The Shwedagon Pagoda is one of the most famous pagodas in
the world and it is certainly the main attraction of Yangon, Myanmar’s
Locally known as Shwedagon Zedi Daw The, it sits atop of a
hill and is 99 meters high. It can be seen from most places of Yangon day
and night as the golden roof illuminates the city.
According to some, the pagoda is 2,600 years old, making
Shwedagon the oldest pagoda in the world.
However, no official documents attesting its construction exist and its age is still a matter of
The main gold-plated dome is topped by a stupa containing over 7,000 diamonds, rubies, topaz and
sapphires, the whole giddy concoction offset by a massive emerald positioned to reflect the last rays of the
There is little wonder that the Shwedagon is referred to in Myanmar as "The crown of Burma."
As Myanmar's most revered shrine it has always been customary for families, mendicants and
followers of the Buddha to make the pilgrimage to the Shwedagon in much the same way that Muslims feel compelled to
visit the Kaaba at Mecca at least once in their lifetime.
Such is the potency of the Shwedagon that Myanmars generally hold it to be indestructible.
Despite a major earthquake in 1769, several smaller quakes in the 20th century and a major fire in 1931, it still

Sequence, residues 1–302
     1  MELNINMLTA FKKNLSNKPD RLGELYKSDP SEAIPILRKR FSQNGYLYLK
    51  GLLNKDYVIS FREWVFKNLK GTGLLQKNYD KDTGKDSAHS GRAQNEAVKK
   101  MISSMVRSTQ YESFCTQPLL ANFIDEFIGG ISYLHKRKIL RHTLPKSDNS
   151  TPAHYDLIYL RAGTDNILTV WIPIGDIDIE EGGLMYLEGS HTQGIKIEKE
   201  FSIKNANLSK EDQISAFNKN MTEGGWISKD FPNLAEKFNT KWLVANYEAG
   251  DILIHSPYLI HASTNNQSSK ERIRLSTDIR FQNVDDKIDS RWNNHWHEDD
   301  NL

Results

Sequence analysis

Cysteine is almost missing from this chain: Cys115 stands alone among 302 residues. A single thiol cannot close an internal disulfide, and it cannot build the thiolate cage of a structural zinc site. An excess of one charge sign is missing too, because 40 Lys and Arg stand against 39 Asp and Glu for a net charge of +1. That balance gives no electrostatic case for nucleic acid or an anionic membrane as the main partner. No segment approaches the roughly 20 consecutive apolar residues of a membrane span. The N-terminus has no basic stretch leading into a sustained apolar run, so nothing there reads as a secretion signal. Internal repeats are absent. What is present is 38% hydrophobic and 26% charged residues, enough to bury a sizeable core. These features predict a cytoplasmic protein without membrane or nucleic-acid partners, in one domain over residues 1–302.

stands imposingly on the top of a hill.
Visitors are required to remove their shoes upon entering the Shwedagon and negotiating the
scalding floor tiles between the shaded sanctuaries is not an easy process.
The pagoda is said to contain eight hairs of the Buddha, a fact that only adds to its prestige.
The stairways and bridges leading into the main sanctuary serve the thousands of pilgrims who flock here, and
flower and book stalls, peddlers of religious souvenirs and tea shops do a brisk trade during the Shwedagon's long
hours of opening.
"The Shwe Dagon," wrote Somerset Maugham in 1930, "rose superb, glistening with gold, like a
sudden hope in the dark night of the soul."
Travelers will see temples everywhere they go in Myanmar, and will doubtless be struck by the
wealth and profusion of building styles. At Pagan for example, there is an ancient plain containing over 2,000
temples and pagodas, surely one of the most remarkable ensembles in the world. Yet still, assessed on their
individual merits, the Shwedagon Pagoda remains unrivaled as temple, meeting place and symbol of national